Too busy doing what?

Too busy doing what?

The sources of pressure increase unremittingly. They have been variously ascribed to The Climate Crisis, Covid-19, the Delta Variant, The Shortage of Chips, Mail Order Purchasing Growth, WFH, Draconian Privacy Laws, Former President Trump, President Biden, The Rarity of Rare Earth, The Collapse of The Hospitality and Travel Industry, Too Many EMails, Too Many WhatsApps, Too Many Instagrams, Too Big Container Ships, Too Much Democracy, Too Little Democracy – and frankly, Too Much or Too Little of Too Many Things. There is no knowing where the next “Too” is coming from. The only certainty is that it is coming.

It is a pretty formidable collection of pressures. And that is before you start on the day to day demands of living, possibly married, maybe even with children. All those require effort enough to keep you busy. And here’s the problem. We all prefer to keep “working” at an increasingly frantic pace rather than face the bald fact that our lives, our careers and our storerooms need sorting out. I now hesitate to provide extra space anywhere because I know it will be a source of (new) things to store. Some people realise this and there is now a fad for people to find a small plot somewhere and build their own minimalist abode – a sort of fixed caravan. The less space you have, the less you can store. There’s a certain kackhanded logic to that.

Minibuilding is about as frantic as you can get. It may solve immediate problems like the housing shortage in developed countries. Sadly, it is often in reality, as well as metaphorically, an excuse to avoid the problems that beset us all. Where do I recommend that you start, then? Very simply, is the answer. I want you to watch a sunset for half an hour. You can do it in real life or you can see it on the television screen. There are many versions of it. Listen to the silence, smell the setting sun, inhale the rays. “Sunset and evening star, and one clear call for me.” I’ll leave you to finish the poem. You’re not setting out to sea yet but a brief reflection of when you will be, however far off, is worth a thousand phone calls or a hundred Zooms.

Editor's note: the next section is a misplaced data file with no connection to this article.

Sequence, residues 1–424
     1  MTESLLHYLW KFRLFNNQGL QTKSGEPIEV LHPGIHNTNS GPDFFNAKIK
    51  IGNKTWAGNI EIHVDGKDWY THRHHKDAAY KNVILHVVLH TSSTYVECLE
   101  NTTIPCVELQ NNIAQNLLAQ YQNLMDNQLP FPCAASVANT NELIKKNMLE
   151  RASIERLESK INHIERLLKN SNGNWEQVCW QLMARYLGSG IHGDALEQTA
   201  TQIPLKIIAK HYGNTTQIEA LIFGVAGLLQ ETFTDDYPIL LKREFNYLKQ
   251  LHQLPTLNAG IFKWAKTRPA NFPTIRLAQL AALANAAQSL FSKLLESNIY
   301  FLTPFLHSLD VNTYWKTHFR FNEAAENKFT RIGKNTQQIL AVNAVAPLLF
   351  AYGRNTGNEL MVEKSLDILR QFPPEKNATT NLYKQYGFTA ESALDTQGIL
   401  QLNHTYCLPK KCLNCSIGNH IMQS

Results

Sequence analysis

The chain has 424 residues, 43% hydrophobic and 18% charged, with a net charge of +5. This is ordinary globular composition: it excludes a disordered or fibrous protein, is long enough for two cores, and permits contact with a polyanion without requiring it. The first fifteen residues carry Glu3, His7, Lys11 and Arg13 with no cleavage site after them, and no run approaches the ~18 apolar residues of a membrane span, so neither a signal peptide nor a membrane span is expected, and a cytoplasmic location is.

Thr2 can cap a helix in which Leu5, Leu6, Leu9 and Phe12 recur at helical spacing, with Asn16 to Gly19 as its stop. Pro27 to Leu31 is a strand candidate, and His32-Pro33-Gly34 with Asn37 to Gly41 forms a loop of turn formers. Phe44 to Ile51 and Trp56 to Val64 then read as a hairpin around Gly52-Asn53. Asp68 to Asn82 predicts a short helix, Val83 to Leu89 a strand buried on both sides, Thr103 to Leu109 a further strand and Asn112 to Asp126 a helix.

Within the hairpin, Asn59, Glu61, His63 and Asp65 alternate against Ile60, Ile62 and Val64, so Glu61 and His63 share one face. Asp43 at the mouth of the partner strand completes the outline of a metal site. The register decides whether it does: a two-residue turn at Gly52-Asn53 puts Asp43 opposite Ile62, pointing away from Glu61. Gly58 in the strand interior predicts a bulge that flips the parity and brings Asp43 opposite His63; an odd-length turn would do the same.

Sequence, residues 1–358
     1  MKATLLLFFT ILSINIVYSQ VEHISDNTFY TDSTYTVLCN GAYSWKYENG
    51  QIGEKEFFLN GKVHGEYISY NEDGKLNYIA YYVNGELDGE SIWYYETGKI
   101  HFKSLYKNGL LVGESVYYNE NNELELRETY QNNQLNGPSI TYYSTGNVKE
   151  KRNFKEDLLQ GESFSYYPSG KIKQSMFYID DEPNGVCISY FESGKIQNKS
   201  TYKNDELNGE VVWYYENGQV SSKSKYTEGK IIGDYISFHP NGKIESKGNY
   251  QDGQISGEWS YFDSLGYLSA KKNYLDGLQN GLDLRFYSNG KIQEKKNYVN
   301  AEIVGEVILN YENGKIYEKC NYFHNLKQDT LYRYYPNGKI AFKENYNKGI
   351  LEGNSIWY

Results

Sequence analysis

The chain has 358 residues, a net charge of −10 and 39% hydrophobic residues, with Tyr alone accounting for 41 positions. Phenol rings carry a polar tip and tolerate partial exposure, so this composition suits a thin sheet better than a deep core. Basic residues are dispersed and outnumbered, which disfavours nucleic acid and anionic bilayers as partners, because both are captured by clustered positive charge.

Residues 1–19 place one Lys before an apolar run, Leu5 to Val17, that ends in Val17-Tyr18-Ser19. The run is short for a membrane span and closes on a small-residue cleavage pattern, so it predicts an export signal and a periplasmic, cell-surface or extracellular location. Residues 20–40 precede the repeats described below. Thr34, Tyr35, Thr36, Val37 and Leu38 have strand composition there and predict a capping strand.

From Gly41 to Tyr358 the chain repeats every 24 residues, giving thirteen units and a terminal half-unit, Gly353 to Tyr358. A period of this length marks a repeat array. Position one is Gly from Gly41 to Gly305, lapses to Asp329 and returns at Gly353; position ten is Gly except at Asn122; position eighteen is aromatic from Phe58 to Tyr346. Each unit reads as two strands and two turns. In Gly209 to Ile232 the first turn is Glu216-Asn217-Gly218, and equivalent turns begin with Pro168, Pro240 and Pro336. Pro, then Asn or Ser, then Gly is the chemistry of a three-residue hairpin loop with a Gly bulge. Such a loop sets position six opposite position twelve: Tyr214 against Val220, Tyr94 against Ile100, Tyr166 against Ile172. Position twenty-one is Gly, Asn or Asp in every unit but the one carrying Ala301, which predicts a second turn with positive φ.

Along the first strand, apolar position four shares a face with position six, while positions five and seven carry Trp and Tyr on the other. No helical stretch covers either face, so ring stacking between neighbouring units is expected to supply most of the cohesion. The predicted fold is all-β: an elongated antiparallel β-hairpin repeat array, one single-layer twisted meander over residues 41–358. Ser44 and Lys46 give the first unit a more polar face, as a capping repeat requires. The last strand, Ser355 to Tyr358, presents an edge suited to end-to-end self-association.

The person who packs a comfortable, neat suitcase of clothes and other things for the journey knows where they are going. The person who stuffs a case full of everything they may need, doesn’t. And yes, there are times, particularly when young, when you should go on a voyage to  nowhere, when you should explore by walking, when you should shove off for adventure. But those are times when you are trying to work out what you want to do. They usually don’t last much beyond twenty-five by which time responsibilities demand attention. This is now a new phase of life. By the time you are middle-aged you are virtually carrying the world. You earn all the money, pay most of the taxes, bring up the children, sit on the committees, run the department at work. The list often seems endless, but it isn’t. In practice it ends where you decide to end it.

Taking charge of your life is your real emergence into adulthood. Now you have to start thinking about your children, maybe even your grandchildren. The world you leave behind you is probably what they will have to clean up, pay for and sort out. You should be responsible beyond your death. The truly great people recognise that and are. Do you care enough to do so as well? If so, your contribution to the strategy of the world may not be great but it will be very well worthwhile.

The art of questioning is not about asking other people questions, though that is important. It is about asking yourself the right questions at the right time. We ask ourselves trivial questions often. We can get overwhelmed by them if we are not careful. But when do we ask ourselves the questions that really matter? Someone who worked with me when she was still very young, thirty years ago, told me she reviewed her life every six months. It will come as no surprise that she is now a top thinker for governments. But she is also a top thinker for her own career.

Peace, contentment and good mental health are mostly not golden gifts that some people have and others don’t. They are the prerogative of the thoughtful, of those who watch the sunset, of those who know what is the heart of the matter.

As they teach, they learn. As they learn, they care.

And as they care they grow beyond who they are to who they can become.

Good morning

John Bittleston

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